What triggered the threat?

Telstra’s power outage

The inability to contact emergency services was highlighted when a person from Melbourne, Victoria, died due to cardiac arrest during a Triple Zero outage that affected the Telstra network. Telstra is the national emergency call provider which directs calls to emergency service organizations around the country.

The deceased’s family tried to call for help, but the call couldn’t be forwarded right away to paramedics. The outage lasted for more than an hour, during which Telstra operators could answer calls but failed to redirect them to all Triple Zero call centers. The outage lasted for 90 minutes, and among the almost 500 calls to Triple Zero during that window, Telstra was unable to transfer 148.

The service was intermittently malfunctioning between 3.30am and 5am, which meant that some operators had to resort to email referrals. Triple Zero Victoria operators couldn’t receive those until well after 7 am. By the time the paramedic crew responded to the Melbourne patient experiencing cardiac arrest, it was too late, and the resuscitation efforts were unsuccessful.

Optus’ breach of public safety rules

Optus had to pay a hefty fine of $1.5 million Australian dollars (US$980,316), when it was found guilty of large-scale breaches of public safety rules around its Triple Zero system, putting many consumers at risk.

The ACMA conducted a thorough investigation, and discovered that the operator hadn’t uploaded required information of almost 200,000 mobile customers to the Integrated Public Number Database (IPND) between January 2021 and September 2023. The INPD is utilized by services like the Emergency Alert service to warn Australians of disasters such as floods and bushfires, and by Triple Zero to provide location details to law enforcement, ambulance and fire brigade in an emergency.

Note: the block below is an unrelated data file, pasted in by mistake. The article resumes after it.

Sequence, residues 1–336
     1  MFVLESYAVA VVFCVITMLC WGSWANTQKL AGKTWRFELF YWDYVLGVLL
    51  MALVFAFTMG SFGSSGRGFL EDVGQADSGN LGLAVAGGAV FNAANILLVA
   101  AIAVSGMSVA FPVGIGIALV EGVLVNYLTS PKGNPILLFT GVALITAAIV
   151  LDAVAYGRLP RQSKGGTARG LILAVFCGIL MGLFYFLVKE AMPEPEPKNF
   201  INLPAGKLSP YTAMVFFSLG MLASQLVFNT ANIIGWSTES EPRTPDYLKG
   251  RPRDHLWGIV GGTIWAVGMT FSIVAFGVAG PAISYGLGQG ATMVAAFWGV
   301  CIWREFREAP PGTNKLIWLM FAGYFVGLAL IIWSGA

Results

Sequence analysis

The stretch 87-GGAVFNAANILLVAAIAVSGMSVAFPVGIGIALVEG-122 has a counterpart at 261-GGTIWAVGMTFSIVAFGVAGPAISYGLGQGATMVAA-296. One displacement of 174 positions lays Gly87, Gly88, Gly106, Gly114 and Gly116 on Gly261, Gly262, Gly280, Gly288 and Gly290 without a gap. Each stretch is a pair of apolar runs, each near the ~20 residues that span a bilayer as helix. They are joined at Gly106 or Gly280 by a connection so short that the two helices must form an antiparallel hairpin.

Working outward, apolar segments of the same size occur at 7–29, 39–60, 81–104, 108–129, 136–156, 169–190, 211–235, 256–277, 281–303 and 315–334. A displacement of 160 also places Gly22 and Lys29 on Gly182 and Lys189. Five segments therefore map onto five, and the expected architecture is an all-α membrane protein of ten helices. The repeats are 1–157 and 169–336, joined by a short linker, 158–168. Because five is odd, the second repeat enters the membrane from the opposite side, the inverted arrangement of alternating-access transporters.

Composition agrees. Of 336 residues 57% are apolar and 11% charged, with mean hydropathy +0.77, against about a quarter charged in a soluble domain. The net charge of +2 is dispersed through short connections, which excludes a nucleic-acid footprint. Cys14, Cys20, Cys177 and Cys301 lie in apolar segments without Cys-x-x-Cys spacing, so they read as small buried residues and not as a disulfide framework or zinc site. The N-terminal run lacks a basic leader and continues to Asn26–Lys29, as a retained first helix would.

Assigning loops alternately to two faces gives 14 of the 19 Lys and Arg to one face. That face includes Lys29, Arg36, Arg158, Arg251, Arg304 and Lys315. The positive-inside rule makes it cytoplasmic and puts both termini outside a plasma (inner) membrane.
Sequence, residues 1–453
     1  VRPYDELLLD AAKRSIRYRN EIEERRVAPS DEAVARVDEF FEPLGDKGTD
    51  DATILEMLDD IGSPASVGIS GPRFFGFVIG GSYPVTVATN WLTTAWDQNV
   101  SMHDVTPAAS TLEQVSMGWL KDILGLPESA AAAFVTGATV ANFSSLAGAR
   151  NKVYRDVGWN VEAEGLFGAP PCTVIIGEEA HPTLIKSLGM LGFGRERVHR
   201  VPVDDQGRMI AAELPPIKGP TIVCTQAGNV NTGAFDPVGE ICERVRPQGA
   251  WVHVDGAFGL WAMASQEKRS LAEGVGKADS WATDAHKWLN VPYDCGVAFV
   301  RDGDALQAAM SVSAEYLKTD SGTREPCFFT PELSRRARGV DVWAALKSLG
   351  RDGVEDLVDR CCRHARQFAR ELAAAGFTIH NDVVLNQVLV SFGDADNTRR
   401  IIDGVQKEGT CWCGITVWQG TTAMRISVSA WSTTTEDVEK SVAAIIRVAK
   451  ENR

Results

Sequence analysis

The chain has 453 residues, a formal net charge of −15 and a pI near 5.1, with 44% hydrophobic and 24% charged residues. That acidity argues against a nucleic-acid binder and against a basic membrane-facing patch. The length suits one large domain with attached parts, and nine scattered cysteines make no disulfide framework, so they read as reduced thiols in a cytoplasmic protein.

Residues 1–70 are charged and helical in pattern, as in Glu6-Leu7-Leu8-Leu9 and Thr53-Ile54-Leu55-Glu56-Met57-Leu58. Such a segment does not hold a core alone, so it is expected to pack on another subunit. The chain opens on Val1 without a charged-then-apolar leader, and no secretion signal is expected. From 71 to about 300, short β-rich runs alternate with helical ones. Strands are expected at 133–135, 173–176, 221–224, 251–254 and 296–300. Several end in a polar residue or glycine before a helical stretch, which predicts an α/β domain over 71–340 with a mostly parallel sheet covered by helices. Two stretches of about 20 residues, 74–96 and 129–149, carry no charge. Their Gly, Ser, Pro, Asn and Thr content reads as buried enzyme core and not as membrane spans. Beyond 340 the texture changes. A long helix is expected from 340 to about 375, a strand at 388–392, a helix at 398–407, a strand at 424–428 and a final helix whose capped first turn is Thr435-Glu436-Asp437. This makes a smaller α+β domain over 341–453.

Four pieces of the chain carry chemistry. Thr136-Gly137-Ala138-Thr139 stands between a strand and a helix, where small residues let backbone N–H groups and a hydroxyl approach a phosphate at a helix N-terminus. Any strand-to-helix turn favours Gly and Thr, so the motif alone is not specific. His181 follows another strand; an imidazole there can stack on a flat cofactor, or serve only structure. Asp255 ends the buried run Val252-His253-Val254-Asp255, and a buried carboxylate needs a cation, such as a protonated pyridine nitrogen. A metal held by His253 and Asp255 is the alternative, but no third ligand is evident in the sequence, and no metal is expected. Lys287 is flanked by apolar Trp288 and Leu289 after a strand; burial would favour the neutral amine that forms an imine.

What does the current scenario look like?

The AMTA flagged this issue in November, 2023 – three weeks before Vodafone started phasing out its 3G network from December 15. AMTA CEO Louise Hyland had previously stated that customers have to act immediately if they have an older mobile device that still connects to a 3G network, which hasn’t been upgraded. It has listed 20+ common devices that are likely to be affected by the 3G closure.

The government is closely monitoring the transition. As mentioned, there are various options in law, which include potential proposals to delay the 3G switchovers. Telstra is next in line to shut down its 3G networks, and working closely with other mobile network operators, the ACMA (Australian Communications and Media Authority) and the federal government to manage Australia’s transition from 3G to 4G. The switchover is crucial for the connectivity and future productivity of the country, to be achieved via increased speed, efficiency, and capacity. As per their spokesperson, 3G now accounts for only 1% of Telstra’s mobile network traffic. Many of their customers had begun upgrading their mobile devices ever since the 3G shutdown was announced 5 years ago.

With 740,000 customers about to be impacted by the 3G shutdown, will the government step in to delay the switchover? Communications Minister Michelle Rowland has assured Australians of a safe transition. As per the latest update an inquiry has been initiated due to the Senate voting in favor of a One Nation motion into the 3G mobile network shutdown. One Nation Senator Malcolm Roberts stated that telcos have to delay the 3G sunset till the inquiry is complete and it is 100% certain that Australians are ready for the switch.